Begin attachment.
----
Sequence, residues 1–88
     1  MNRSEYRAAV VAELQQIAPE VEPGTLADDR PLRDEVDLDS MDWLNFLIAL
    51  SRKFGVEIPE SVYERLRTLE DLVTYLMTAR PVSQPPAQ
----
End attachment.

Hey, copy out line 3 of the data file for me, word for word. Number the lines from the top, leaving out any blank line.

    51  SRKFGVEIPE SVYERLRTLE DLVTYLMTAR PVSQPPAQ